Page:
3Q 2010

by Melissa Merryweather

The Vietnam Green Building Council (VGBC), a non-profit organisation headquartered in Hanoi, is in the last hectic months of preparing its new Lotus Sustainable Building Assessment System for public launch in June. The ongoing, open review process has intensified for the small office of permanent staff, interns, and volunteers. According to Yannick Millet, the Executive Director of the VGBC, “This pilot version release is the final result of a substantial collective work!”

Lotus is the result of the VGBC’s mission to create Green building benchmarks, test them in the marketplace and effectively assist the Ministry of Construction in identifying targets. The VGBC will operate Lotus as an independent and voluntary system.

The World Green Building Council has suggested that rating systems share a common format and basic strategy but aim for localisation. Conceptually Lotus is a bridge between two frameworks. The first, the system of credit groups such as energy and water conservation, sustainable materials and good site strategy, relates to an amalgam of well-established international rating systems. Lotus brings this concept home to Vietnam with the addition of unique credit categories, one addressing Climate Change, in direct response to the country’s extreme vulnerability to sea level rise, tropical storm damage and drought, plus Community and Management credits to bolster particular weaknesses in the local construction industry.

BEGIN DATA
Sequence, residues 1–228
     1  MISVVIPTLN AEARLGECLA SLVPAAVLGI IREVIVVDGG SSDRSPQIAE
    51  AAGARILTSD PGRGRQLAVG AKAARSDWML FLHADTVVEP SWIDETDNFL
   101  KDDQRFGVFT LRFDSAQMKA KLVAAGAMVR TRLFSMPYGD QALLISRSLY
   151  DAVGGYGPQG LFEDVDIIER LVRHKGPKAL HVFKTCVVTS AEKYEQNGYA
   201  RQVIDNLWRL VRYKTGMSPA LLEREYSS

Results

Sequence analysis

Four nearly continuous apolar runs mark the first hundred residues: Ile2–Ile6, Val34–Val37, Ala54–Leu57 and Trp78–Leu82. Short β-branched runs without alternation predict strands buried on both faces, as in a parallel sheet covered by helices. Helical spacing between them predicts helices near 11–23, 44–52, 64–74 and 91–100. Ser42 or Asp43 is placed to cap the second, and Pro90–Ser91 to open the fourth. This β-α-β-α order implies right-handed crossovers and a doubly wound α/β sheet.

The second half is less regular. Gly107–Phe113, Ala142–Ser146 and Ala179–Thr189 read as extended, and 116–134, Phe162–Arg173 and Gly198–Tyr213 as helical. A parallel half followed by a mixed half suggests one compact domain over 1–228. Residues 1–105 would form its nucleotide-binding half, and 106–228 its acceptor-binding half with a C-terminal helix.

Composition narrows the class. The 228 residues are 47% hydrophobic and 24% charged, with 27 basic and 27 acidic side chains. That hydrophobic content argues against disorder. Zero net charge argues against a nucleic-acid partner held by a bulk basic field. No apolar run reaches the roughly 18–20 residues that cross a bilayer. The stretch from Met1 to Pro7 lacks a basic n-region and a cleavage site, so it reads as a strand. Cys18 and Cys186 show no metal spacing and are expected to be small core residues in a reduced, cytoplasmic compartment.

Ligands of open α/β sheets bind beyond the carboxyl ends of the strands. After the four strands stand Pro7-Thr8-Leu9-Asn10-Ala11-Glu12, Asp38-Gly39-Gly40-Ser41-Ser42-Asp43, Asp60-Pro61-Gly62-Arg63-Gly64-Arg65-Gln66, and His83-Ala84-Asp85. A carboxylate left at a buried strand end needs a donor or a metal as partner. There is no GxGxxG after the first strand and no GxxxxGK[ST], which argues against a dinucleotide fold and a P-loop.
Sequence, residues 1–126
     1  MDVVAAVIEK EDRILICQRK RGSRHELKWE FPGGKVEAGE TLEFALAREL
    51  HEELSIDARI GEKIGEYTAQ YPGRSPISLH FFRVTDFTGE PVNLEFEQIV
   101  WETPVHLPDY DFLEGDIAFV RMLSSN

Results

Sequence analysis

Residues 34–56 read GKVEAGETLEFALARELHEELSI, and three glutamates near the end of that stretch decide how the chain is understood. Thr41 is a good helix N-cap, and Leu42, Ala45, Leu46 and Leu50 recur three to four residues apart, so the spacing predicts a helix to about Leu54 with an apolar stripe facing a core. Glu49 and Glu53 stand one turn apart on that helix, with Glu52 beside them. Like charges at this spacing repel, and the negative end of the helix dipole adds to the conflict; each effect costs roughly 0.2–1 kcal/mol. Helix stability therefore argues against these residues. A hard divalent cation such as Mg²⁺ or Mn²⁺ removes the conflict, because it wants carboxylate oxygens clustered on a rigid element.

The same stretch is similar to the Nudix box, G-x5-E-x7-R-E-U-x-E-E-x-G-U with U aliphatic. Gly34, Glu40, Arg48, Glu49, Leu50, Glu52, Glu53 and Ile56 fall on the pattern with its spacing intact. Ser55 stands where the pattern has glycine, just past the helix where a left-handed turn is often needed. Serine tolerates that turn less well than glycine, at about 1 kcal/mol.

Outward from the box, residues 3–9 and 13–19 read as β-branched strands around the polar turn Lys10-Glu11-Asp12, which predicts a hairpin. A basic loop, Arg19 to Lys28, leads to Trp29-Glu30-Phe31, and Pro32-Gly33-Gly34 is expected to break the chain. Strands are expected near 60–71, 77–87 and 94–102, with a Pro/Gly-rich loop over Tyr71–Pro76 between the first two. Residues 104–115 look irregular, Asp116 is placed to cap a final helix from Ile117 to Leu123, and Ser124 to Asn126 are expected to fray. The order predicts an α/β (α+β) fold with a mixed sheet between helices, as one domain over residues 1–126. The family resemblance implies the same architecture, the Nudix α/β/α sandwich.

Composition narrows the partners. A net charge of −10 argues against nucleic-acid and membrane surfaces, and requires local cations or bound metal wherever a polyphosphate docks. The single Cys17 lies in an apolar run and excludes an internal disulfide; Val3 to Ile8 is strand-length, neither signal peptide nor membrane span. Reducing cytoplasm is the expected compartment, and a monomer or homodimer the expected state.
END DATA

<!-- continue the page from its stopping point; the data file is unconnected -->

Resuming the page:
Localisation also appears in the actual credit content. VGBC saw the opportunity to strengthen local codes, sometimes perceived as optional, and at the same time derive benefit from their familiarity. Lotus prerequisites are extracted from the existing body of Vietnam construction regulations. Credits both fill in gaps in the local code and go further than the regulations to propose new targets and benchmarks. By doing this there is a clear way for future building regulations to incorporate these higher targets and incrementally raise the bar for construction in Vietnam.

To read the complete article, get a copy of the 3Q 2010 edition at our online shop or at newsstands/major bookstores; or subscribe to FuturArc.
Melissa Merryweather has practised architecture in Vietnam for 12 years, with a varied portfolio of small and medium-sized projects, mainly resort and reuse. Prior to Vietnam she ran her award-winning design practice in London specialising in renovation, playgrounds and youth centres with a strong bias towards sustainability.
Last year she launched her company, Green Consult-Asia, to deliver sustainable building methodologies in Vietnam, providing design and certification guidance to architects and developers. Current projects range from universities to the industrial sector.


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